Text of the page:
Category: Elderly, Empower, Independence, Self-sustainable, Senior

Empowering our Seniors – Senior Roommate Housing Project

Hi – it’s Tatjana.

As you may recall, the recent experience of my mother-in-law’s tragic death, Meta Buchheim (67), on November 26th, 2013, and us consequently becoming a care-taker for her life partner Bill Duff (91), catapulted me to initiate a conversation with a few people about exploring a community project in our immediate neighborhood.  One person is George Chung, founder of George Chung Realty, and Jacqueline Botting, a business development consultant and founder of Wise Tribe. I met Jacqueline during one of my monthly Skool MeetUp for Women events in 2013. Jacqueline too is currently going through the experience of being a care-taker for her mom.

Caring for our Seniors in a self-empowered way

The vision is to contribute & empower our seniors, specifically as it relates to independent living, an alternative to our current system of assisted living facilities. Most facilities are old, cold, and depressing, and or cost a fortune.

I have a multitude of ideas within that topic. However, to start out I’m interested in exploring the concept of Senior Roommate Match Making Service for Shared Housing in our immediate neighborhood:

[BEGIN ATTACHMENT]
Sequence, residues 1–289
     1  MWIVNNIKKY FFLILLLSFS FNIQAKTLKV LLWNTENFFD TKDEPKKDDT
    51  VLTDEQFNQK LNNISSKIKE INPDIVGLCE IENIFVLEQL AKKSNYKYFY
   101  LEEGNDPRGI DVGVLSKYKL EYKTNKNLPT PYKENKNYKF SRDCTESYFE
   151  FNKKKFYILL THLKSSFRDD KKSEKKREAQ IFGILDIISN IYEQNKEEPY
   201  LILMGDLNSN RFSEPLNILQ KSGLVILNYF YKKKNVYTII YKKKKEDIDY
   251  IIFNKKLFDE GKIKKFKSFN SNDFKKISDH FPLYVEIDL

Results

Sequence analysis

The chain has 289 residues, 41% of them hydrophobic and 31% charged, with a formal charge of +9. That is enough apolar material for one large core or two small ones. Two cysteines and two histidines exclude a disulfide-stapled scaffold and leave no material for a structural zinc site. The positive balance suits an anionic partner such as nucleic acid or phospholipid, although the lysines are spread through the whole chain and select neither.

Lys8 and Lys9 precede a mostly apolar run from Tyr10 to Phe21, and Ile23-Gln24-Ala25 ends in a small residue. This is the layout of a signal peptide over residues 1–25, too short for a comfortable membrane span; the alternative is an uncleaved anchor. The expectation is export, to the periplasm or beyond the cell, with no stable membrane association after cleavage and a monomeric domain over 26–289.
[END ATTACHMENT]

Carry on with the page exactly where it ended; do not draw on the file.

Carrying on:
A sense of Independence, Joy & Fulfillment:
On an individual level, I envision to match Senior Home Owners with (Senior) Home Seekers in our immediate neighborhood. The mission is to match seniors of varies age groups and with varies abilities to complement and help each other managing their daily lives, and share tasks or hired resources (cleaning, cooking, laundry, running errands, driving to doctor appointments, etc). It would allow for seniors in still reasonably good health to stay in a home as long as possible and live “collaboratively” independent.

On a community level, the point is to generate a self-sustainable community amongst the seniors themselves, where they can empower each other with or without cash transactions (exchange). That way we are shifting the sole care-taking responsibilities and burden somewhat away from their adult children and initiate a mindset of self-empowerment within the elderly’s capacities. The biggest challenge Mark (my husband) and I experienced in becoming a care-taker for Bill (and Meta) is that it heavily impacted our lives. I had to stop my work, cancel my course I was teaching, and put a hold on my daily routine so as to accommodate their needs and fulfill the tasks and responsibilities they could no longer execute. It was physically draining and took a toll on my own sense of happiness, joy and vision I had for my future. Was this my new future I’d face? And for how long?

When circumstances as such arise, the tension experienced derives from a conflict of interest, a conflict of schedule, responsibilities and life routine that is very different between those two generations. As much as one wants to help and be there, over time I began to feel resentment towards family members and towards the “patient(s)”. I started feeling frustrated how it impacted my life and my work, and the nature of witnessing someone going through cancer and becoming a care-taker became rather depressing. To stay sane and healthy myself in this experience, I needed to put down healthy boundaries with family members and “patients”, yet, even if you do, you can’t help it and feel guilty for doing so. Especially if your loved one passes away.